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Reflective Journal

How did you go about making links with your local Aboriginal community?

Jane Pearce
Jane Pearce

I spoke to the Aboriginal Community Liaison Officer at the District Office and she introduced me to a local community elder called Uncle Wes Marne. He told me how important he felt it was that Aboriginal perspectives be included in all units of work, right across the curriculum. He became my sounding board about the use of tools and weapons and he also helped me understand the protocols involved with dealing with Aboriginal communities. He really made the whole project real for me.

Fred Domingo
Fred Domingo

Within the local area, St Marys, it was difficult to find any Aboriginal contacts, so I had to search the district level and found help from the following people: District Office consultants, Aboriginal Educational Assistants and local Elders.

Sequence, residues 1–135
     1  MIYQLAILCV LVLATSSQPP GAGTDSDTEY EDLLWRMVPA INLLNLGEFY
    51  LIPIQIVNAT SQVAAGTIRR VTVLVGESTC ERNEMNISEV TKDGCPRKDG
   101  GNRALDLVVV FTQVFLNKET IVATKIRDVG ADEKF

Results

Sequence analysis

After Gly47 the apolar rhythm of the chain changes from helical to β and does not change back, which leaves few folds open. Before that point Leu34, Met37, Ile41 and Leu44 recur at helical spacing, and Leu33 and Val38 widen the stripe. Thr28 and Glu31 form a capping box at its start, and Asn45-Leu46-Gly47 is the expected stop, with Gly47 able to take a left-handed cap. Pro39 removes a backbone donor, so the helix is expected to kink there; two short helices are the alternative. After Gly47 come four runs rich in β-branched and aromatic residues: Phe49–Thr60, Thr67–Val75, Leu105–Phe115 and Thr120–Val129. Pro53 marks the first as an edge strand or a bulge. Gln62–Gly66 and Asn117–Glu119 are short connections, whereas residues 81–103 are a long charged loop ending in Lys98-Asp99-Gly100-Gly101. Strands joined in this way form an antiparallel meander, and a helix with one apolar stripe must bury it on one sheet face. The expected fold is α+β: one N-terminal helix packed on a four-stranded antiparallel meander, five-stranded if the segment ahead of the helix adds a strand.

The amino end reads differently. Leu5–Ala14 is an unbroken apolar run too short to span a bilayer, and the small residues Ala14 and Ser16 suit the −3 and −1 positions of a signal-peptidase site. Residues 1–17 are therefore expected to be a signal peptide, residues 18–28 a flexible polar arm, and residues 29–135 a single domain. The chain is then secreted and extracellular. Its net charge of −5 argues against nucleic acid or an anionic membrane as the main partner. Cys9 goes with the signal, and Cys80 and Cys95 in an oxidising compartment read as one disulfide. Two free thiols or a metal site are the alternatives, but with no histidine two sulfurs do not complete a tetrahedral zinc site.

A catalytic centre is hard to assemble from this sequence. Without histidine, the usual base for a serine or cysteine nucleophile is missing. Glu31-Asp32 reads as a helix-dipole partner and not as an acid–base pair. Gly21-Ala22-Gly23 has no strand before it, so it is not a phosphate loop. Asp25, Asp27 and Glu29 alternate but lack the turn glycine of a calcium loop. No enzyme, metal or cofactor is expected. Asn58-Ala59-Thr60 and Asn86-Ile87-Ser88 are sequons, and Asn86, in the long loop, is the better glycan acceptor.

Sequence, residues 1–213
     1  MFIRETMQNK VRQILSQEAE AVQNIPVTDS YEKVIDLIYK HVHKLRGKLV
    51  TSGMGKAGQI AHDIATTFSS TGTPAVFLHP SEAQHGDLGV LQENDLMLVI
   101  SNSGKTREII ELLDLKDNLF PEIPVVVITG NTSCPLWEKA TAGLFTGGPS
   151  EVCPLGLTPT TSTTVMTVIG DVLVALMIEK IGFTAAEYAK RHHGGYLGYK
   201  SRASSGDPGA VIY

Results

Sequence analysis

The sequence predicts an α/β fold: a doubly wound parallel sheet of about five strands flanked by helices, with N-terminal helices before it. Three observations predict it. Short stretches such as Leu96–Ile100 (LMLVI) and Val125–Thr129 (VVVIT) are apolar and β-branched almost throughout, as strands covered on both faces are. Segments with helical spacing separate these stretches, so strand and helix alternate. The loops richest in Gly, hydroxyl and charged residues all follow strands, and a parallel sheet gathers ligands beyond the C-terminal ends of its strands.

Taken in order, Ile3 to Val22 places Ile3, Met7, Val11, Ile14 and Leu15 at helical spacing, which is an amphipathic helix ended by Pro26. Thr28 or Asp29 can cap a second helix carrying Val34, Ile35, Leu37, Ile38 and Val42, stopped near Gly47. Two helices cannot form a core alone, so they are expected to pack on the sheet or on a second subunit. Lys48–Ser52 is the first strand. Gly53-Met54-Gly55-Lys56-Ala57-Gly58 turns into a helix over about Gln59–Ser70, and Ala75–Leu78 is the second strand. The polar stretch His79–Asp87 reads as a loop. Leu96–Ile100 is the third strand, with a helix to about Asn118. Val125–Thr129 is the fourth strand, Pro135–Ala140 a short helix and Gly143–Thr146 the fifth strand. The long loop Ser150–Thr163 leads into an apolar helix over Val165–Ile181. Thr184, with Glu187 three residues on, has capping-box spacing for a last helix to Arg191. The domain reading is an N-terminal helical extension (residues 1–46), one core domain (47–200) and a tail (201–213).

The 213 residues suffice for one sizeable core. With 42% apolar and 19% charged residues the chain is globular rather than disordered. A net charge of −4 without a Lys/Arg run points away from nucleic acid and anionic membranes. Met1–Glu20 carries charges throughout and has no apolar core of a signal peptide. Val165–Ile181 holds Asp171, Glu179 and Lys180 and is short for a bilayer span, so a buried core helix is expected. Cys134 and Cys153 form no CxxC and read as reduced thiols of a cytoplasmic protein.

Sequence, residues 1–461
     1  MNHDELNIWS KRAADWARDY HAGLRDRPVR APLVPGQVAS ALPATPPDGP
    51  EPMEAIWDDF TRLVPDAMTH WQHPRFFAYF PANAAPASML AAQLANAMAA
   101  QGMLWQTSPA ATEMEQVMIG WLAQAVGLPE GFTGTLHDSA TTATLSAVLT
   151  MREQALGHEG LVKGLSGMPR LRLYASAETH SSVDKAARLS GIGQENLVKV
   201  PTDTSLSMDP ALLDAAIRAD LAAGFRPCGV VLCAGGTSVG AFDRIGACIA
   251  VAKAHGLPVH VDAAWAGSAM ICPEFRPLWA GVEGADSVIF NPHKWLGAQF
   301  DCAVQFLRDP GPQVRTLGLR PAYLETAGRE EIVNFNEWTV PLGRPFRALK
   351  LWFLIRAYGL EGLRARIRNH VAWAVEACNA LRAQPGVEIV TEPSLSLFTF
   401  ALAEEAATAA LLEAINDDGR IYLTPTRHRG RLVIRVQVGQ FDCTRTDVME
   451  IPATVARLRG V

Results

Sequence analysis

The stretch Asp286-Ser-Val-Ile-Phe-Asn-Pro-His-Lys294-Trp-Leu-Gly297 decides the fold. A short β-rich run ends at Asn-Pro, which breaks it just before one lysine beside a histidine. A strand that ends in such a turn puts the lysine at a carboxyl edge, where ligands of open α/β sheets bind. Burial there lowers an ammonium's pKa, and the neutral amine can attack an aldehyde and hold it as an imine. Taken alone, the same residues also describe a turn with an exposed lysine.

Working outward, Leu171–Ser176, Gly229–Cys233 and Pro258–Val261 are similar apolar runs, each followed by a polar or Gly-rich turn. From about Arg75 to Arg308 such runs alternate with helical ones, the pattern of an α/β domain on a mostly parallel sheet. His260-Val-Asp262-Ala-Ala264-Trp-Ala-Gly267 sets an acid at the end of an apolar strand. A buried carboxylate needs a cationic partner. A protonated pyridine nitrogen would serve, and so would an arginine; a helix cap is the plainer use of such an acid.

Maureen Wenzel
Maureen Wenzel

In some schools we have Aboriginal teachers, Aboriginal education assistants or Aboriginal education workers. The first point of contact would be those people. They'll be able to initiate the initial contact and there are a number of protocols that have to be observed when working with the Aboriginal community.

Rosanne Herat
Rosanne Herat

Through our District Office staff, through Aboriginal Education Assistants within Chifley College and we also knew of the local Elders in our area, so we approached them.

Maureen Johnson
Maureen Johnson

I would contact the local Aboriginal Education Consultant in our district, contact Aboriginal Elders, talk to our parents. I think thats the best place to start. Talk to your own parents of your Aboriginal students, ask them what they would like to see included in your curriculum area.

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